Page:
Saturday, July 2, 2011

from copenhagen to malmo

in between our baby-sitting duties in melbourne - to take care of our first grandchild - we joined a fly-cruise to the baltic region. we had booked this trip to scandinavia a year before with a travel agency in kuching, sarawak. the final group comprised 29 from kuching, 6 from perth, 3 from miri, 2 from singapore and 1 from sydney.

from our respective departing points, we all rendezvoused in bangkok. it was an 11-hour flight from bangkok to copenhagen, where we would embark on our 11-day cruise. however, we did not spend our first night in copenhagen. instead, we crossed the oresund bridge, that links denmark to sweden, to malmo, the third largest city in sweden.

the 7845m oresund bridge, opened in july 2000, is the longest road and rail bridge in europe. there are toll booths but we did not have to get down from the coach for any customs or immigration clearance. in fact, during the entire trip, the only place where we had to carry our passport and have it stamped was in st petersburg, in russia.

in malmo, we stayed at the master johan hotel, right in the heart of the old town. the stone-cobbled streets and the many bicycles would be our constant reminders that we were in a scandinavian country. the cobbled streets inconvenienced those who are wheel-chair bound; there were three in our group and they found it bumpy, uncomfortable and tiring trying to navigate the uneven surface. i also saw some gadgets found on the bicycles in malmo, like the dynamo and the push lock, which have not been seen in singapore for quite sometime.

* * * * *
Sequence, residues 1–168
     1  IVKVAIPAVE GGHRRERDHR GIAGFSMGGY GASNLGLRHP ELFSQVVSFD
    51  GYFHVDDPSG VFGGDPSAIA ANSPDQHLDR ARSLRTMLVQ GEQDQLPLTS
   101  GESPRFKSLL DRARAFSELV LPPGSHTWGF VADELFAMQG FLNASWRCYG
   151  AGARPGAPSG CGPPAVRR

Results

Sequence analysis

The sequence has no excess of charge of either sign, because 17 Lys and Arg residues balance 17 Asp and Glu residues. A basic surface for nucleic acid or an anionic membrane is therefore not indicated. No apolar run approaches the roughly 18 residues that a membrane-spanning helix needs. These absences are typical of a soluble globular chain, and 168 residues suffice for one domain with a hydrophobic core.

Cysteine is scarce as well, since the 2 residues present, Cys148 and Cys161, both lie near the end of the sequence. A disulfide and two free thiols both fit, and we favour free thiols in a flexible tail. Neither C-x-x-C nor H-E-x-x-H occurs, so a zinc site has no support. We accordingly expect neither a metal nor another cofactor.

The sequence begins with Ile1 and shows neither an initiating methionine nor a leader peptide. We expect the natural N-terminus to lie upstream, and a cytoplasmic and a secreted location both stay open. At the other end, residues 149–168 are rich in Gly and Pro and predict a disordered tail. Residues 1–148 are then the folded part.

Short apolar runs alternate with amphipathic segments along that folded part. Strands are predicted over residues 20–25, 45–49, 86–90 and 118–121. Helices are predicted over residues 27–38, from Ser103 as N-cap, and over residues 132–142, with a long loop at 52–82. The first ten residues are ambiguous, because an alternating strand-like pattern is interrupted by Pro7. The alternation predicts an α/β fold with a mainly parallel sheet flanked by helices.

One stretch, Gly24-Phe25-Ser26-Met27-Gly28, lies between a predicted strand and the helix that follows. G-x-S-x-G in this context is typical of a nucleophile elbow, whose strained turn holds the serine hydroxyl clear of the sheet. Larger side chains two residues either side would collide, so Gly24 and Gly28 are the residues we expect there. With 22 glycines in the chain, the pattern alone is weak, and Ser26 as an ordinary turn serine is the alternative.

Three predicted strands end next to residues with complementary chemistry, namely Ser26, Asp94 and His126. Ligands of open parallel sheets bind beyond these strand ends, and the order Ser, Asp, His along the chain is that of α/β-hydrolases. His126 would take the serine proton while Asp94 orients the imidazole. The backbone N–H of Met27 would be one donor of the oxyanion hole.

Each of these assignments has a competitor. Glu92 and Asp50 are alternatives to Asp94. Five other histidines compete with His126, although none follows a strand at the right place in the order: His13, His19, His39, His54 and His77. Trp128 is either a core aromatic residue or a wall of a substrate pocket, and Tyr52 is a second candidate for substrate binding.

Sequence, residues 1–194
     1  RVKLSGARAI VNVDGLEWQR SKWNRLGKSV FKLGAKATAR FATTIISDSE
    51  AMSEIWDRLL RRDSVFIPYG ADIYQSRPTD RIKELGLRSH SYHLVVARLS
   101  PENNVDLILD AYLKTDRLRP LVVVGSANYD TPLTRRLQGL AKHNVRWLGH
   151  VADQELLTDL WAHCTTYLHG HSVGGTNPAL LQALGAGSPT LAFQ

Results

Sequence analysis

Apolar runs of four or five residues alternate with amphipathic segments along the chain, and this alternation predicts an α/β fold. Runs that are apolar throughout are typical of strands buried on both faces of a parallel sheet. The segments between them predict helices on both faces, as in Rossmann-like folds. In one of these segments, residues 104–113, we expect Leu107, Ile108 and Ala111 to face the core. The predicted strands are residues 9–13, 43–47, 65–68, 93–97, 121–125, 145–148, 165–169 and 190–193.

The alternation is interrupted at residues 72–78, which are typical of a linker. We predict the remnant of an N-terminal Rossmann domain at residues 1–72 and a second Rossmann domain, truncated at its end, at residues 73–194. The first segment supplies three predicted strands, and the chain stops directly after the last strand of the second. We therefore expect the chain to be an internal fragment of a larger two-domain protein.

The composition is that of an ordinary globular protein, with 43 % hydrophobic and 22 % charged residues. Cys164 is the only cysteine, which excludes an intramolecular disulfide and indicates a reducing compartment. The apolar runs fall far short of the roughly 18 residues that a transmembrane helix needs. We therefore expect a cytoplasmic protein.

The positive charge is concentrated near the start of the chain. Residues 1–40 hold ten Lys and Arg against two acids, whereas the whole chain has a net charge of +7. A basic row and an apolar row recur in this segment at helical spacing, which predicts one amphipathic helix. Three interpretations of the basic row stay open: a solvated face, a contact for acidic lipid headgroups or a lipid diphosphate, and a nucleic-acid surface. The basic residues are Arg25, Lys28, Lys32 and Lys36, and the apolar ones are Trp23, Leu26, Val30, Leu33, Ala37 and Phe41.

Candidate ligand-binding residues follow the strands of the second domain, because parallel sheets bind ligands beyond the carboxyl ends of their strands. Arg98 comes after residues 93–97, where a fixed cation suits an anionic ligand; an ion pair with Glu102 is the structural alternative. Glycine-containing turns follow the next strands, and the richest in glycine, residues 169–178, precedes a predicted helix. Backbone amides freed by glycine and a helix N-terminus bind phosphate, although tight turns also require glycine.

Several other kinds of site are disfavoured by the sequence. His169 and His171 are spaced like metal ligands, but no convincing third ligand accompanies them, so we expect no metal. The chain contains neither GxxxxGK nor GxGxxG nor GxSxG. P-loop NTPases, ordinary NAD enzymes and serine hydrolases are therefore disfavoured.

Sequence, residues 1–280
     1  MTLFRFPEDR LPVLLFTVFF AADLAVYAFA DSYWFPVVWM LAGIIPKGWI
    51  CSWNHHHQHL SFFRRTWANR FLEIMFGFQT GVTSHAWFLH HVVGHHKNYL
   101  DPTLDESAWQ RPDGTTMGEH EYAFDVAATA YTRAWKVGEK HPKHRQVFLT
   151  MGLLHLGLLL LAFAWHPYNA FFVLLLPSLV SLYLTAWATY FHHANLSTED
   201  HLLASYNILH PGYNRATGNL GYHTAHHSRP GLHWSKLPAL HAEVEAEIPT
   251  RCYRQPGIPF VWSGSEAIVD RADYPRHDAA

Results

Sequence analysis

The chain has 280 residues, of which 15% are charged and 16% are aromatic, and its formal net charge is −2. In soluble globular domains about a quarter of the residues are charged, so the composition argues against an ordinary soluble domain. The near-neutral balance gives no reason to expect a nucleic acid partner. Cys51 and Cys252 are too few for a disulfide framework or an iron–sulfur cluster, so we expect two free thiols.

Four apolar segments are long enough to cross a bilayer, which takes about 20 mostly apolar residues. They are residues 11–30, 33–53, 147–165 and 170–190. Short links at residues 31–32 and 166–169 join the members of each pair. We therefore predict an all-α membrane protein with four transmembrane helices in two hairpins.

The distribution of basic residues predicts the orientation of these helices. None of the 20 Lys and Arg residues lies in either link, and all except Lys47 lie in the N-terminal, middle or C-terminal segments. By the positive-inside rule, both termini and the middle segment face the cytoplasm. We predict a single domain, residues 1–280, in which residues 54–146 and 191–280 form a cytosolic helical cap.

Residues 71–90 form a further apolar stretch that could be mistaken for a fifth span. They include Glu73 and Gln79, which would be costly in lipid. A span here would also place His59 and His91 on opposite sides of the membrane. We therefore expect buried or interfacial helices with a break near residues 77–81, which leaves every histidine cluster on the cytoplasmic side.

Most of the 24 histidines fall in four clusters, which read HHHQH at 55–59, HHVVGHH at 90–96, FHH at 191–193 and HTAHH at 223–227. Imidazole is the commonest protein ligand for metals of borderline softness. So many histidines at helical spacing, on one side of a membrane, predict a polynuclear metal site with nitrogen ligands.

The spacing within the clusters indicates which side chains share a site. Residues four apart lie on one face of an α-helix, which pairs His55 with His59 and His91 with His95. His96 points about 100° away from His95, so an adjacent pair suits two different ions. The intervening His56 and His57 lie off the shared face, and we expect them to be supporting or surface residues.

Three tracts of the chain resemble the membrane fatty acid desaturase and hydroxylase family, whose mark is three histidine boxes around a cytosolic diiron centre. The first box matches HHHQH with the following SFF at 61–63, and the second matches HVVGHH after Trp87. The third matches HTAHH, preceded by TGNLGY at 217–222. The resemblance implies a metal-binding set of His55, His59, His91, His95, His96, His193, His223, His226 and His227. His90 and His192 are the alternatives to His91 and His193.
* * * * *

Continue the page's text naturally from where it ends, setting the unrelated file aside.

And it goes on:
as is my practice, whenever i visit a foreign country, i wake up very early to explore the place when most of the locals (as well as visitors) are still in bed. as it was a sunday morning, there was hardly any traffic or people on the road. the central train station, which i had visited the day before, was closed. however, the hundreds of bicycles parked outside the station were still there.

i walked until i reached this church before making my way back to the hotel. i found out that this church - st petri kyrka or st peter's church - is the oldest building in the city. it was built in the 14th century.

our hotel, for which we were quite pleased with the service - there was free flow of coffee and internet connection was also free - was about 200 metre from this square known as the lilla torg. it seemed like a fun place. in the evenings, lots of locals visit the restaurants and cafes in this area. the old buildings were mostly built between 1600 and 1800. it was interesting to see the local people riding their bicycles to wine and dine at the sqaure. although most of them were casually dressed, some ladies came togged in dresses and high-heel shoes and some of the men were in business suits.

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